NASCAR Infographic Shows Potential, Not Effectiveness Of Social

by · December 6, 20137 comments

The folks at LaneTerralever recently put together an interesting infographic about NASCAR drivers and the success metrics around their social presences. The digital, advertising and public relations firm analyzed the NASCAR Sprint Cup Series teams’ websites and scored them in three main areas: Online popularity, social/mobile friendliness and social integration.

The results weren’t incredibly surprising with dominant title collector Jimmie Johnson coming in first. But it wasn’t the rankings that got me thinking when I saw the infographic. You can click on the small version here to see the larger sized-one or scroll down beneath the text to see the full version.

NASCAR Digital Cup InfographicLaneTerralever focused on whether or not the teams allow fans to socially share content from their website, whether the website was mobile friendly and how popular the driver’s social community was. The question that I asked when I saw this list was simple, “Do any of these metrics matter?”

Sure, there’s some merit to the size and resonance of a NASCAR driver’s audience. But the infographic’s introduction even indicates the reason for the evaluation is to determine if teams are maximizing the potential of their sponsorship dollars. So a driver has a big, vocal audience, or even a social and mobile-friendly presence. How does this help the driver’s sponsors?

Yes, there’s a natural resonance when fans refer to Johnson’s team as the “Lowe’s 48.” But that’s not what the research was focused on. It was focused on the mere ability of the website and community to be social. It wasn’t focused on how effective the driver’s were at moving sponsor conversations to their communities, or how effective the communities were at reverberating the sponsor messages.

If you want to know which NASCAR driver has the most social and mobile-friendly technology on their side, this infographic is very informative. But if you’re a sponsor wishing to know which driver is the best to spend your money with, it’s not very helpful.

We’ve reached a point in social marketing where we need to stop focusing on the presence of technology and instead look at the effectiveness in using it. If Jimmie Johnson’s fans don’t talk about Lowes, Kobal, The National Guard or any of the team’s other sponsors much, well … there’s not much reason to invest if driving social conversations is your goal.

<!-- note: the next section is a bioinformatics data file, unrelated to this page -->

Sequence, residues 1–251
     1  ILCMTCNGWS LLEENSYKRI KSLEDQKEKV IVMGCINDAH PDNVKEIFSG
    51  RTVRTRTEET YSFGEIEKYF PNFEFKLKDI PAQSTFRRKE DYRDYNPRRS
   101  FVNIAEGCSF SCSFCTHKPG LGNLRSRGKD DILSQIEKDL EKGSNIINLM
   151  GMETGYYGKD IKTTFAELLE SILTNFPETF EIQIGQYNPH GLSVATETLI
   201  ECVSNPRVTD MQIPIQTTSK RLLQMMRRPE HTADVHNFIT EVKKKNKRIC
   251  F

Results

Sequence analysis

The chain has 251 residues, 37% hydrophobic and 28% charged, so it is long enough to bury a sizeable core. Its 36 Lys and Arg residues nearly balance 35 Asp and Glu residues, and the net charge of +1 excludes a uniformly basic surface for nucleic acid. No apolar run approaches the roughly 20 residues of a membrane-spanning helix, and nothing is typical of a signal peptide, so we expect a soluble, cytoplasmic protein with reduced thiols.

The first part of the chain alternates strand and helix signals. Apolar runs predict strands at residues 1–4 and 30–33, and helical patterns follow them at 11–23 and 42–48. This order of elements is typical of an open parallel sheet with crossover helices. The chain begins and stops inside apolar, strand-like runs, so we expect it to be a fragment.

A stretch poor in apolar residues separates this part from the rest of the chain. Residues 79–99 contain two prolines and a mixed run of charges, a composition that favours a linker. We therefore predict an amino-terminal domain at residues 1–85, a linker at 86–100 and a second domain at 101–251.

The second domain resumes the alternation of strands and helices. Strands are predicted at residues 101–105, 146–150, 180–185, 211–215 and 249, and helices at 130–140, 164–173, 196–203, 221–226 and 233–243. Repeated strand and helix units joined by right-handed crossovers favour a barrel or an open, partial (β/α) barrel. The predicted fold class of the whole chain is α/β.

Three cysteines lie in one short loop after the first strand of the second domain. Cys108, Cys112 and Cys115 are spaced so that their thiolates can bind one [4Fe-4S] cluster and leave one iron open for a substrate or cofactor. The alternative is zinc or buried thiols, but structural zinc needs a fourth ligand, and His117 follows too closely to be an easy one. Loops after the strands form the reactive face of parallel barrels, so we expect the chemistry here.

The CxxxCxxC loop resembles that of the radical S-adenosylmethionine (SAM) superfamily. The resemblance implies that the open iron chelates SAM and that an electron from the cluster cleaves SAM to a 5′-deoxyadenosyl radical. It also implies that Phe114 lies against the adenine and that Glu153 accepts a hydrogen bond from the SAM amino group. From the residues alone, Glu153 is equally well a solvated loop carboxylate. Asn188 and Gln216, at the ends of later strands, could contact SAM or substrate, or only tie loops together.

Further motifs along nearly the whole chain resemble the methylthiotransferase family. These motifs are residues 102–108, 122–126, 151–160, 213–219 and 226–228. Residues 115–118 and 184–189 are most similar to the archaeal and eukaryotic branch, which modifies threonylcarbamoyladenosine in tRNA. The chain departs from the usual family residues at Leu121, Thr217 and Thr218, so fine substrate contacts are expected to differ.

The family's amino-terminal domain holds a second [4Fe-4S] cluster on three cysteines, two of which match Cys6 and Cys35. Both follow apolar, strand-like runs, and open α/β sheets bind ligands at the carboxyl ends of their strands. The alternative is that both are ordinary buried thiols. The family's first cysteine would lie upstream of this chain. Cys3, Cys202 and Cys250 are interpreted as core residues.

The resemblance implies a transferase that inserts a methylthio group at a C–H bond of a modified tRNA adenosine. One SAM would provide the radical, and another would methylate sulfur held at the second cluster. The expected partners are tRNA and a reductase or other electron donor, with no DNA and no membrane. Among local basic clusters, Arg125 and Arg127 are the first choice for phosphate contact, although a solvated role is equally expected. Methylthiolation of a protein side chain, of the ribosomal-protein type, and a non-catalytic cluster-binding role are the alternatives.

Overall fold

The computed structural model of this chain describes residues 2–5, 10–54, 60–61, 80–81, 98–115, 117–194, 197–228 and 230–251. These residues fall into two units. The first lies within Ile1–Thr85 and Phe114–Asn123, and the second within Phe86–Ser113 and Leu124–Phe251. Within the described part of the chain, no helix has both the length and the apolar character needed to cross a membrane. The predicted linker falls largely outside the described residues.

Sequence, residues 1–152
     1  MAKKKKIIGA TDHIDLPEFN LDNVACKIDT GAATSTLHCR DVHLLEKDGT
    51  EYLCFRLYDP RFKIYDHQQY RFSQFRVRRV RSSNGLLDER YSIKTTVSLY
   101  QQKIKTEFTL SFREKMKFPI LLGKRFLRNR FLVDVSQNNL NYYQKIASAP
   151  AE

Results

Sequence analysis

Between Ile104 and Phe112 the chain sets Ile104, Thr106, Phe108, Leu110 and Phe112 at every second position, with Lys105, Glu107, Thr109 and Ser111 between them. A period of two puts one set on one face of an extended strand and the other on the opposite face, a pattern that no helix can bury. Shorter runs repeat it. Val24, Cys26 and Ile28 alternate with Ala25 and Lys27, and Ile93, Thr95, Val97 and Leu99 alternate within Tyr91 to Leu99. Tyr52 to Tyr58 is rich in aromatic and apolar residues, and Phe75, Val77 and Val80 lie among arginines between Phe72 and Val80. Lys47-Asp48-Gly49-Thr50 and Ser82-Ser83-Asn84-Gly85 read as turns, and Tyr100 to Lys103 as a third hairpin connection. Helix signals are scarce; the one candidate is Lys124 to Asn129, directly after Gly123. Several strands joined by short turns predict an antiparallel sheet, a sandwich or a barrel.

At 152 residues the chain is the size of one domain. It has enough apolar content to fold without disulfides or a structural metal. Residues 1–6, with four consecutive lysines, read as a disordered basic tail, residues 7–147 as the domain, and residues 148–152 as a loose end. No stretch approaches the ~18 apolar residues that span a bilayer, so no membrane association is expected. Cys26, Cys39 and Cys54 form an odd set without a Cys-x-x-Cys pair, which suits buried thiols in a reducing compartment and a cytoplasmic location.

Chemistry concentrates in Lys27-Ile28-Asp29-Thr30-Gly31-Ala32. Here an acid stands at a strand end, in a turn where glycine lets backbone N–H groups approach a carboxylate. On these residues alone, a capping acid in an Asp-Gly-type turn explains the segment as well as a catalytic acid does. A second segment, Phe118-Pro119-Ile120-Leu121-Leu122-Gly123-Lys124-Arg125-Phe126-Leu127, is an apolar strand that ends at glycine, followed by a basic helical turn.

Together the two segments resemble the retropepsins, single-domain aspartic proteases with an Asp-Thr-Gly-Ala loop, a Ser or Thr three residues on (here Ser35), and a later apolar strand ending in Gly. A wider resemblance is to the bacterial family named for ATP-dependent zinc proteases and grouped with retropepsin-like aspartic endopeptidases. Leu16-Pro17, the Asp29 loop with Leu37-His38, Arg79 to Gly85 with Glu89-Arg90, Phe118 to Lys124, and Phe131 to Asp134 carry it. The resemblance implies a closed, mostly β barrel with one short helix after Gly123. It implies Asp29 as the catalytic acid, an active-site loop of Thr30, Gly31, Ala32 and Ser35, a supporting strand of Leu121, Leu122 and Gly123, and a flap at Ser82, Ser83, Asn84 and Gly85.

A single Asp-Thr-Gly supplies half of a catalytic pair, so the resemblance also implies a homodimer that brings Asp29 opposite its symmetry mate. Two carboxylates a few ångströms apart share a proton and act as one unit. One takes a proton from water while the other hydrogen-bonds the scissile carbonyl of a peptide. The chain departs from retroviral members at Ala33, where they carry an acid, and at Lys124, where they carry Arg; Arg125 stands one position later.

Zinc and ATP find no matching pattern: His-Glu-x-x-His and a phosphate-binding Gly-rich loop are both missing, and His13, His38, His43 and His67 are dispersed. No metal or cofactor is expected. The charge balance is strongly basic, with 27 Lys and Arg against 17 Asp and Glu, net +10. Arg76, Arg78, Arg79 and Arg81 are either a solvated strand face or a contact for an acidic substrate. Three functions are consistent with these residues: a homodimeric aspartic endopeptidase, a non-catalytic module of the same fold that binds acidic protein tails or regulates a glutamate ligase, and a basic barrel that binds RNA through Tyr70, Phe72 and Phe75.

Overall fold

NASCAR Digital Cup Infographic

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About Jason Falls

Jason Falls

Jason Falls is the founder and chief instigator for Social Media Explorer's blog and signature Explore events. He is a leading thinker, speaker and strategist in the world of digital marketing and is co-author of two books, No Bullshit Social Media: The All-Business, No-Hype Guide To Social Media Marketing and The Rebel's Guide To Email Marketing. By day, he leads digital strategy for CafePress, one of the world's largest online retailers. His opinions are his, not necessarily theirs. Follow him on Twitter (@JasonFalls).

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Comments on Social Media Explorer are open to anyone. However, I will remove any comment that is disrespectful and not in the spirit of intelligent discourse. You are welcome to leave links to content relevant to the conversation, but I reserve the right to remove it if I don't see the relevancy. Be nice, have fun. Fair?

  • http://www.quickeasyblog.com/ Jim

    You hit the nail on the head Jason. I get so frustrated with agencies who brag about the number of “likes” or followers without any mention of the impact on the bottom line. Grading on the ability to socially share content and mobile friendly websites? Seems pretty basic but as accompanying blog post on Lane Terralever’s website points out, about half are missing it.

    I would love to see a study which monitored social media streams and reported brand recognition in relation to the driver. Maybe a survey using social media to measure NASCAR fans’ brand loyalty?